The Digital Publishing Revolution Is in the Rearview Mirror
The way digital consumption evolved, then, with music and video, from optical disc ($10 to $15) to digital download ($1 to $10) to streaming video (1¢ per play), suggests that the present nice revenue streams from the sale of EPUB files via third-party retailers may not be much more than the temporary bump that record labels got 15 years ago as consumers changed consumption format from analog to digital.
We have little reason to believe that the $100 million a month in e-book sales we're seeing right now is proof that revenues from digital downloads will replace revenue from print. Instead, what we're likely to see can be projected from the twin effects of a production revolution of the sort we've seen in books, combined with the consumption revolution we saw in music—via an ongoing increase in the creation of content and in the number of publisher-like intermediaries. These often will be operating on a labor-of-love, mom-and-pop, kitchen-table basis (publishing itself, as well as eBay, Etsy, etc.) to help orchestrate this creativity and far broader productions of artist-fan relationships, as we saw in music. They will be focused on cultivating attention, which is scarce, not on making and distributing copies, which are infinitely bountiful. BB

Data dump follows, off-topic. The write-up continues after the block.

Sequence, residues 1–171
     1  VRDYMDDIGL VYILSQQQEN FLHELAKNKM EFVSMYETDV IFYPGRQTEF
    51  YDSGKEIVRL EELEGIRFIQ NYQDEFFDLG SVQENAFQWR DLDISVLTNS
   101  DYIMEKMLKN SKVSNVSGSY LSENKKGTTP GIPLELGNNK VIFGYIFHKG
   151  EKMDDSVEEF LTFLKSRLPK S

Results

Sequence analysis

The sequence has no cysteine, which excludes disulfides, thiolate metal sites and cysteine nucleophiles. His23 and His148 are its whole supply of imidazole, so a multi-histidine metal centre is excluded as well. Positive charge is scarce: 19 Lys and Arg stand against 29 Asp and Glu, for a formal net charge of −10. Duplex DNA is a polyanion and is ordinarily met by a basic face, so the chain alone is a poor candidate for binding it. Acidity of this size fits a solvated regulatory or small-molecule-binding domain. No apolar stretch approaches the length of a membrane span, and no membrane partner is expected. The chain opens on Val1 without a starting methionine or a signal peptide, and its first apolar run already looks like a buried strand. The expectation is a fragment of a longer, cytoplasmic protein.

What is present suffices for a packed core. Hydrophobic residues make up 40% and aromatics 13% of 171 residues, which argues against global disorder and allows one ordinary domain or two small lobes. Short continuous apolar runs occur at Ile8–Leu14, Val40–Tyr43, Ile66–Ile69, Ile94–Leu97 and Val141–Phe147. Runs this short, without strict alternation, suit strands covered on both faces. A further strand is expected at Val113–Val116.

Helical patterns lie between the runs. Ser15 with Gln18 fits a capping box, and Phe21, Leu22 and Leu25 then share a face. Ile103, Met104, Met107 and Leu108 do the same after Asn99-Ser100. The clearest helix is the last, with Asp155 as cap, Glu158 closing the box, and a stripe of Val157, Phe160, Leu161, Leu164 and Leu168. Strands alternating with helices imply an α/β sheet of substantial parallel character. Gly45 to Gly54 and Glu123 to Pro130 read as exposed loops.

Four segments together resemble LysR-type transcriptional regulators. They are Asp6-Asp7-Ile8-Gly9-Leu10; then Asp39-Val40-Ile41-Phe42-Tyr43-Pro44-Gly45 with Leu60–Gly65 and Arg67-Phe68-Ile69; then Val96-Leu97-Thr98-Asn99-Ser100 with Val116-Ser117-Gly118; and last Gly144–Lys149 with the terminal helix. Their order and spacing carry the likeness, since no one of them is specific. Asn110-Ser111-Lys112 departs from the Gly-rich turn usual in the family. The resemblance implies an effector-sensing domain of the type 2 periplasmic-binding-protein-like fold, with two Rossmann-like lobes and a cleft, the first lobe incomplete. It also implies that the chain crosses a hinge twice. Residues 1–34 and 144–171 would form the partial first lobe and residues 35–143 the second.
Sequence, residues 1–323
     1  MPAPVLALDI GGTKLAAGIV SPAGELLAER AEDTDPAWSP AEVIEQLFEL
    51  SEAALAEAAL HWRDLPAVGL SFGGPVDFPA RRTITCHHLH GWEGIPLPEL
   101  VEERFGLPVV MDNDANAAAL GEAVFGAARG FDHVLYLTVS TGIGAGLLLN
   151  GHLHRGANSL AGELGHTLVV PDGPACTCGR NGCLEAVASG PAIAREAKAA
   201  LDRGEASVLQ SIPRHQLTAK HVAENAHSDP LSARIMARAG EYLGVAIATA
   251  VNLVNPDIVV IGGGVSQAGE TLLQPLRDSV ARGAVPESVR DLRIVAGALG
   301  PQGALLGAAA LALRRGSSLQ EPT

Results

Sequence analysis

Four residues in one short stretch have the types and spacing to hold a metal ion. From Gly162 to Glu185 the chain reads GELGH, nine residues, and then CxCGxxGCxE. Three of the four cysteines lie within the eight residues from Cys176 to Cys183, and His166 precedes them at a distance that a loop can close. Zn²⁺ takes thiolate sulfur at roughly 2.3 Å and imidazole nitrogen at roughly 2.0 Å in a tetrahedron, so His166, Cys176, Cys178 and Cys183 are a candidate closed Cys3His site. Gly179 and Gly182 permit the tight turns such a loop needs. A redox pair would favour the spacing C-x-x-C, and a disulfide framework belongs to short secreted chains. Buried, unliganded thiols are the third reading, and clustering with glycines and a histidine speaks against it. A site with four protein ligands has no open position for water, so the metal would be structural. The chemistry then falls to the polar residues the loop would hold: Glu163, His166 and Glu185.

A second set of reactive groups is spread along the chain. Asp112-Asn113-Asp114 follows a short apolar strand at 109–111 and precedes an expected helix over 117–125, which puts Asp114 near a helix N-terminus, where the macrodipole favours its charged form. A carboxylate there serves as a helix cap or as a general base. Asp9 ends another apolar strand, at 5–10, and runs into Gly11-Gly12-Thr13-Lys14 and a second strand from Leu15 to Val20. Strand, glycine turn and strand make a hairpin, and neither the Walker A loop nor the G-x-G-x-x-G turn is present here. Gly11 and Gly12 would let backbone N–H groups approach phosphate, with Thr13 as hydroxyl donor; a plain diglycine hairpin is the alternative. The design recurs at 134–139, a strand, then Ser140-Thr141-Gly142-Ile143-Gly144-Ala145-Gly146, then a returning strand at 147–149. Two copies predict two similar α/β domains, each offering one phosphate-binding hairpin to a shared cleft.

Richard Nash is an independent publishing entrepreneur. Founder of Cursor and publisher of Red Lemonade, he is now vice president of Content and Community for the LA-based cultural discovery start-up Small Demons. For most of the past decade, he ran the iconic indie Soft Skull Press, for which he was awarded the Association of American Publishers' Miriam Bass Award for Creativity in Independent Publishing in 2005. Books he edited and published landed on best-seller lists from the Boston Globe to the Singapore Straits-Times and twice on the cover of The New York Times Book Review, among others. The last book he edited for Soft Skull, Lydia Millet's "Love in Infant Monkeys," was selected as a 2010 Pulitzer Prize finalist. Last year the Utne Reader named him one of "50 Visionaries Changing Your World," and Mashable.com picked him as the "#1 Twitter User Changing the Shape of Publishing."